bar tales

bar tales

As Texans, we are always appreciative of a good margarita. The best one we’ve found in Alicante so far is the one at the Gourmet Experience at El Corte Ingles. Expensive by Alicante standards at 6 Euros, it is nonetheless excellent! And when Darin, our favorite waitress, is working, we get sample mango margaritas with la cuenta.

I’ve already posted about the disappointing pina-rita at Tia Juana’s. Last week, we stumbled onto Cactus Alicante, where the kitchen was not open, but the margarita was excellent, if a little sweet.

As we’ve ventured beyond Alicante, we’ve had other alcohol-related adventures.

Note: in Andalusia, even the seco wines are somewhat sweet.

In Jaen, we taught the bartender how to make a Rus Blanco with a dusty bottle of Tia Maria. With that successful experience under our belt, we settled into the lounge area of our hotel in Cordoba one evening for Tia Maria and cream. When the waitress seemed confused, we were able to convey that we were wanting a coffee liqueur, glasses with ice, and cold milk. She returned with Kahlua (even better), the glasses with ice, and the cold milk. She was amazed at our creation, I think mostly at the use of cold milk.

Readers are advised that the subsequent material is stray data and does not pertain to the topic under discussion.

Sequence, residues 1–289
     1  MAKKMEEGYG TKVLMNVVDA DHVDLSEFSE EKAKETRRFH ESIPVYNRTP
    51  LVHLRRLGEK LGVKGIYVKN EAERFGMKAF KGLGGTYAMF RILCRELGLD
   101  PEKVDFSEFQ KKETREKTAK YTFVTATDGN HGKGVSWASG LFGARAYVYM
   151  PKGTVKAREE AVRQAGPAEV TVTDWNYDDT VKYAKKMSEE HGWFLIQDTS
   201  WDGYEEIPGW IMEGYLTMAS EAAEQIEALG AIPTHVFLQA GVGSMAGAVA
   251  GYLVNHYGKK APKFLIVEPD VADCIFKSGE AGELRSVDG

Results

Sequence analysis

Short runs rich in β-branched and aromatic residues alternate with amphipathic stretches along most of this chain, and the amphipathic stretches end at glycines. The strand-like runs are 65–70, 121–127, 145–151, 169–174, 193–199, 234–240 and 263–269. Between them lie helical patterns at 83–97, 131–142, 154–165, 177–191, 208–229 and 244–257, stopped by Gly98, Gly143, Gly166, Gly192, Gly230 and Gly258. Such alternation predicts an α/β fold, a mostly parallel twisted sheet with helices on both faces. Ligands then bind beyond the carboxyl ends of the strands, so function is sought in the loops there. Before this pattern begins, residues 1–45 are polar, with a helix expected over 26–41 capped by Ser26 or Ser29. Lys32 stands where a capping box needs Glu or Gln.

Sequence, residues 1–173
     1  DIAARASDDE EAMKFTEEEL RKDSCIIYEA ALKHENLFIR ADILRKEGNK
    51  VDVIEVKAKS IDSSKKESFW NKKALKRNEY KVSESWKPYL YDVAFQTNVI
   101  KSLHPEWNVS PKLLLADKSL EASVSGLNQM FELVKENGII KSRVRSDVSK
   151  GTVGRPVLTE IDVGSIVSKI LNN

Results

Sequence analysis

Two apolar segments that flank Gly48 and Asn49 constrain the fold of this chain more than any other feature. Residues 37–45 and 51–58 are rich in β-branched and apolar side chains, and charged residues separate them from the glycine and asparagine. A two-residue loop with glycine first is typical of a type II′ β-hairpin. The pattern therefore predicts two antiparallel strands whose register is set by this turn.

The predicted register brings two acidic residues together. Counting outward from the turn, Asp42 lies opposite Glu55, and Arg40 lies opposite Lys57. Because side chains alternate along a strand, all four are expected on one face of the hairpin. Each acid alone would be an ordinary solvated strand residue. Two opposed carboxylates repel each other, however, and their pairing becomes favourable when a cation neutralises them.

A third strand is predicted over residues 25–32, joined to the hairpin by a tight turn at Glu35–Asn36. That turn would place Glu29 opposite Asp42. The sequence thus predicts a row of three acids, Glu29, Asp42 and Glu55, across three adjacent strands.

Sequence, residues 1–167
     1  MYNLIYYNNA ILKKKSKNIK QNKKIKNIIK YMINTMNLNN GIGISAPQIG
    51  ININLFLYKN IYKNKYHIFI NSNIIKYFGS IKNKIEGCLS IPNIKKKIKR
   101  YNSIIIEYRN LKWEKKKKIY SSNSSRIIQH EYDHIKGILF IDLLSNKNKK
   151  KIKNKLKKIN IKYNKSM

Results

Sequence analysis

We tried again the next night, with a different waitress. We asked for Kahlua. She insisted they didn’t have it. After several exchanges, we settled for Tia Maria. This time, she brought warm milk. Not the same, as the ice melted quickly, but yummy dessert drink nonetheless.

Our last evening in Cordoba, we followed the desk clerk’s recommendation for Italian. The food was excellent, but they had no concept of Chianti. We settled for a local red. When in Spain…

Vale!

a quiet stopover in Jaen

a quiet stopover in Jaen

We had high hopes for Jaen as a one-day stop between Granada and Cordoba. The cathedral was beautiful, but you can’t take pictures. The ubiquitous castle, which we opted not to visit in the rain as our choices were to walk up or take a taxi. Not much else.